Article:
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What is Deferred Action for Childhood Arrivals (DACA)?

On Behalf of | Mar 21, 2024 | Immigration

DACA is a program in the United States immigration policy that protects certain undocumented immigrants. It does not give you legal status or provide a pathway to citizenship, but it does provide temporary relief from deportation while you sort out your immigration issues.

DACA allows you to work legally in the U.S., and you can apply for a social security number, which can be crucial for obtaining employment, opening a bank account and accessing other benefits.

You must meet certain requirements

To be eligible for DACA, you must meet specific criteria. You must have been under the age of 31 as of June 15, 2012, and must have arrived in the U.S. before your 16th birthday. You must also have continuously resided in the U.S. since June 15, 2007, and been physically present in the country on June 15, 2012, as well as at the time of applying for DACA.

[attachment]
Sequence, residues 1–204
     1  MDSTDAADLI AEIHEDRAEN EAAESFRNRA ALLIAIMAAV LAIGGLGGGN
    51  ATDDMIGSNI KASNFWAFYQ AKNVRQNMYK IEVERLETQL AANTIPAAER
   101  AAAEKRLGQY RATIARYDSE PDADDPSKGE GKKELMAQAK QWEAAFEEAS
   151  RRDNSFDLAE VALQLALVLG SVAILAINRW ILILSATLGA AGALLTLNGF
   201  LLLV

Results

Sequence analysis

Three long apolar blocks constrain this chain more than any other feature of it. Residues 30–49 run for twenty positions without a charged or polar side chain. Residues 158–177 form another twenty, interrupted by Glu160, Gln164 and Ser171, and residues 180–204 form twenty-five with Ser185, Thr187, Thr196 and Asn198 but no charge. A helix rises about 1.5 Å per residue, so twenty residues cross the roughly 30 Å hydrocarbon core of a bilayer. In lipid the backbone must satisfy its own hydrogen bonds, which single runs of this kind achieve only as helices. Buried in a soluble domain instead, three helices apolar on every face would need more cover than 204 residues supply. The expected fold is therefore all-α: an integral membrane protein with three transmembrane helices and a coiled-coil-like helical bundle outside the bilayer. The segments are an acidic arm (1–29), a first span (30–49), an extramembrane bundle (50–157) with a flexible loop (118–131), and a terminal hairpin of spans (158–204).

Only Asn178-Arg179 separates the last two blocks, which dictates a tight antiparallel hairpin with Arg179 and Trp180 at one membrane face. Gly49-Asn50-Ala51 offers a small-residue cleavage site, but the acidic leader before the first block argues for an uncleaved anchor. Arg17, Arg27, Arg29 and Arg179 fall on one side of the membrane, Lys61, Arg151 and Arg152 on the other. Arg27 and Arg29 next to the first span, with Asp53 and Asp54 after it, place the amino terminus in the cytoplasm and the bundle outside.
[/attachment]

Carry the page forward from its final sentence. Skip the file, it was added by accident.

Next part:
Additionally, you must be in school, have graduated from high school, have obtained a GED or have been honorably discharged from the military. Your criminal record is equally important. You must not have been convicted of certain crimes and must not pose a threat to national security or public safety.

How to apply for DACA

If you are eligible for DACA, it is prudent to take advantage of this opportunity. You need to fill out the paperwork and provide supporting documentation. You will also be required to pay the applicable fees.

It is crucial to follow the application instructions carefully and provide accurate information. Reaching out for legal guidance on how the process works can help you do everything right and increase your chances of approval.